Lkhagva Erdene wants to have a lasting impact on the media in Mongolia. He is an investigative reporter, TV presenter and producer, and co-founder of the Media Council of Mongolia.
"It is a hard struggle to ensure the right of the Mongolian public to information," says Lkhagva Erdene.
Lkhagva Erdene wants to have a lasting impact on the media in Mongolia. He is an investigative reporter, a TV presenter, producer and the co-founder of the Media Council of Mongolia, the first initiative in Mongolia that advocates media self-regulation, journalistic standards and ethical image. DW Akademie helped establish the Media Council and has been supporting their activities with BMZ funding since 2014.
Erdene and MongolTV were the reporting partners of the International Consortium of Investigative Journalists (ICIJ) and Erdene is one of the journalists who were awarded the Pulitzer Prize for research on the Panama Papers.
Lkhagva Erdene spoke about his experiences with DW Akademie:
"My name is Lkhagva Erdene and I run the newsroom at MongolTV in Ulaanbaatar, the capital of Mongolia. Mongolian journalists do not face death threats. The real danger for us is targeted misinformation and fake news that are spread by bots or paid bloggers. I work to defend the freedom of the media at home and abroad. At MongolTV, we want to connect various figures in society and facilitate the exchange of information by providing background information and analyses.
There is freedom of the press, but there are also threatening laws
Although plurality does exist in Mongolia, journalists and media makers struggle with difficult working conditions here. Mongolia may enjoy freedom of press on paper, but it is often difficult for me to protect my sources, or even myself, from the influence of politicians and media owners who usually pursue their own political goals. Unfortunately, 70 percent of the country's media belong to such people. There are no unions for journalists yet and the training system is hopelessly outdated. Furthermore, the Mongolian parliament recently passed a controversial law which allows high fines for journalists and bloggers, even for minor violations. Media lawyers call this "economic censorship". Together with citizens and media activists, we are fighting to reform the law so that journalists do not have to pay fines higher than three to four times more than their monthly income.
Many independent journalists, media owners and researchers worked together to set up the Media Council. We also successfully established a center for investigative journalism in Mongolia. Ensuring the Mongolian public’s right to information has proved to be a tough battle. And only with a diverse and vibrant media landscape can we win. We still have a long way to go.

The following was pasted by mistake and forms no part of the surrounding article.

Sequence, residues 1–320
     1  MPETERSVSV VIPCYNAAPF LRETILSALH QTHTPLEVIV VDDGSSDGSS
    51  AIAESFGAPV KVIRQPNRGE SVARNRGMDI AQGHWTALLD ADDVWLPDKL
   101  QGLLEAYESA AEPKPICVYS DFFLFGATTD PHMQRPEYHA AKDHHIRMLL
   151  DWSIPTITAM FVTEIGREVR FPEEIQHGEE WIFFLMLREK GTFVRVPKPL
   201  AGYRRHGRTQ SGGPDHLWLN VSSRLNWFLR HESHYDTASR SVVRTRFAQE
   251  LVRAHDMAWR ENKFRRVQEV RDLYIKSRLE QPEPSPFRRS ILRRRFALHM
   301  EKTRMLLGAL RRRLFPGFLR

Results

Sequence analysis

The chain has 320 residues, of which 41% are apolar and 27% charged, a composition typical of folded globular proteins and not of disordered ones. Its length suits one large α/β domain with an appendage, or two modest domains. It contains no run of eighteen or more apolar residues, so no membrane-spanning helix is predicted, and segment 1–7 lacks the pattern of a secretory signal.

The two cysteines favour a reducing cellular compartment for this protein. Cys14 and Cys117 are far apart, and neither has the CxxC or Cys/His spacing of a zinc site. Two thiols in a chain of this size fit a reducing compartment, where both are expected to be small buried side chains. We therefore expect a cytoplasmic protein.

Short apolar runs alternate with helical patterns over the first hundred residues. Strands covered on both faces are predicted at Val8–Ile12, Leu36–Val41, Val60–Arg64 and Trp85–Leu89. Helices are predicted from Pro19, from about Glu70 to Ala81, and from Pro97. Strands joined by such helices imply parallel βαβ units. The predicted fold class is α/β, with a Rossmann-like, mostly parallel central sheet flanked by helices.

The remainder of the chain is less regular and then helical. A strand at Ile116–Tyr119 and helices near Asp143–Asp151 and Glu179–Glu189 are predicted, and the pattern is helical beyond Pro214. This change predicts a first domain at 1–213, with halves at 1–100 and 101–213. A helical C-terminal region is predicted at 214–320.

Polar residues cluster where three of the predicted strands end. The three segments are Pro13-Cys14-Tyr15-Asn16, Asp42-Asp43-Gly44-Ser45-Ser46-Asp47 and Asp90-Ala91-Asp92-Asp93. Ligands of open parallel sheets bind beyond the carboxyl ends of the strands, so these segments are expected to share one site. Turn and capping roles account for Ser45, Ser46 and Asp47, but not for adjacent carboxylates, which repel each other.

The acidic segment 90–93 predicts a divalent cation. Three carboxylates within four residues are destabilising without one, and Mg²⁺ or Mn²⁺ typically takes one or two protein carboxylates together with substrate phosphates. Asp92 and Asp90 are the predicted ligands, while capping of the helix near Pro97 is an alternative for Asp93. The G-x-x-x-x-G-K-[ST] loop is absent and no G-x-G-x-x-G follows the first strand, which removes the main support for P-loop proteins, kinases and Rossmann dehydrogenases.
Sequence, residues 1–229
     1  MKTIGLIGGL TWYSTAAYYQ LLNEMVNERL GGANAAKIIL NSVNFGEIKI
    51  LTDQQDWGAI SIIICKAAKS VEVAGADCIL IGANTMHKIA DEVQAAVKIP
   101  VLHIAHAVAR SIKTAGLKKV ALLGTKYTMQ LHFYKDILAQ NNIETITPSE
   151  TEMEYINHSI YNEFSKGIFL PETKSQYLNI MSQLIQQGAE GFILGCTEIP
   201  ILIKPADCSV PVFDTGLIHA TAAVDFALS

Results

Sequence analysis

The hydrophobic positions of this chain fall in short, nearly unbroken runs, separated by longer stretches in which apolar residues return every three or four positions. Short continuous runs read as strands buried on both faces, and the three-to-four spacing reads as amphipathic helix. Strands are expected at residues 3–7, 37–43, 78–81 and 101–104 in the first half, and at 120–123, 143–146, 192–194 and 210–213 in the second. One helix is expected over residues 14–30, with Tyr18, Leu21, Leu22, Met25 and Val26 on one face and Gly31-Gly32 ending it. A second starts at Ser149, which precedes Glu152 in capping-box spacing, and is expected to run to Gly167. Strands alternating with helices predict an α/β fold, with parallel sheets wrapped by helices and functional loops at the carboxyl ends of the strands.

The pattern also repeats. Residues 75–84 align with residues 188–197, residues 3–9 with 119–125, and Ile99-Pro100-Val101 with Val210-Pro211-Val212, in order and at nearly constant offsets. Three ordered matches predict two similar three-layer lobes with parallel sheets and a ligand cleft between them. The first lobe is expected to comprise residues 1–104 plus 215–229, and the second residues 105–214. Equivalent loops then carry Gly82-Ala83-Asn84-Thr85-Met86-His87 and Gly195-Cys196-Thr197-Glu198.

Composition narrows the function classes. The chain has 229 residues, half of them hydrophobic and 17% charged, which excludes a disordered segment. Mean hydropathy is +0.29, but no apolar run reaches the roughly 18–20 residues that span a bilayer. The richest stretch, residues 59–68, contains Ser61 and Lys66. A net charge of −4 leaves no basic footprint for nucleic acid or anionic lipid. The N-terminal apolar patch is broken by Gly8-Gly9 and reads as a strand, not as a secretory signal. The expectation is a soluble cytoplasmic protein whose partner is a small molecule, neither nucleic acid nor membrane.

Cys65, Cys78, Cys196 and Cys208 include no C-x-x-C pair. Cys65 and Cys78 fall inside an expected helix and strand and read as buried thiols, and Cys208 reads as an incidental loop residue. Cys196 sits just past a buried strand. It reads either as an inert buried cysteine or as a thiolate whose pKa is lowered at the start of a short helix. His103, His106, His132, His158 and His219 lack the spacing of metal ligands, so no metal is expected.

Source protection is often difficult in Mongolia, says Lkhagva Erdene. Among other things, the investigative journalist was involved in the unveiling of the "Panama Papers".
"My goal is to serve the public in an informed manner"
My daily work begins with editorial meetings, followed by more meetings and phone calls. After that, we, as a team, take a look at the previous day's program and give each other feedback. Every Monday, I present my own 90-minute show in which I discuss the most urgent topics with six guests. One example is a recent bill on a smartphone ban in schools.
Since my editorial staff and I serve a national audience, I must know the news situation myself at all times. This pressure and the never ending flood of news keep me on my toes all week. I must be the best informed person on the balance of power in my country. It is the only way I can satisfy audiences every night.
To make sure that I do not miss an important topic, I follow global social media reporters and try to reach an audience that has not yet been served by Mongolian mainstream media.
The audience is important when searching for ideas
The best stories we've presented in the past were based on viewer suggestions. For instance, my reporters work together with teachers to understand the systematic failure of primary school education in Mongolia. There was another story we worked on only because a mother's post in a Facebook group made us aware of air pollution.
What impressed me the most was the research I did on the sale of a huge copper mine in Mongolia, when managers tried to close an illegal side deal while I was already hot on their heels. I was playing a cat and mouse game and it inspired me as a journalist. The whole mine sale process was like a thriller and in the end, countless questions remained unanswered. The story was published in The Diplomat."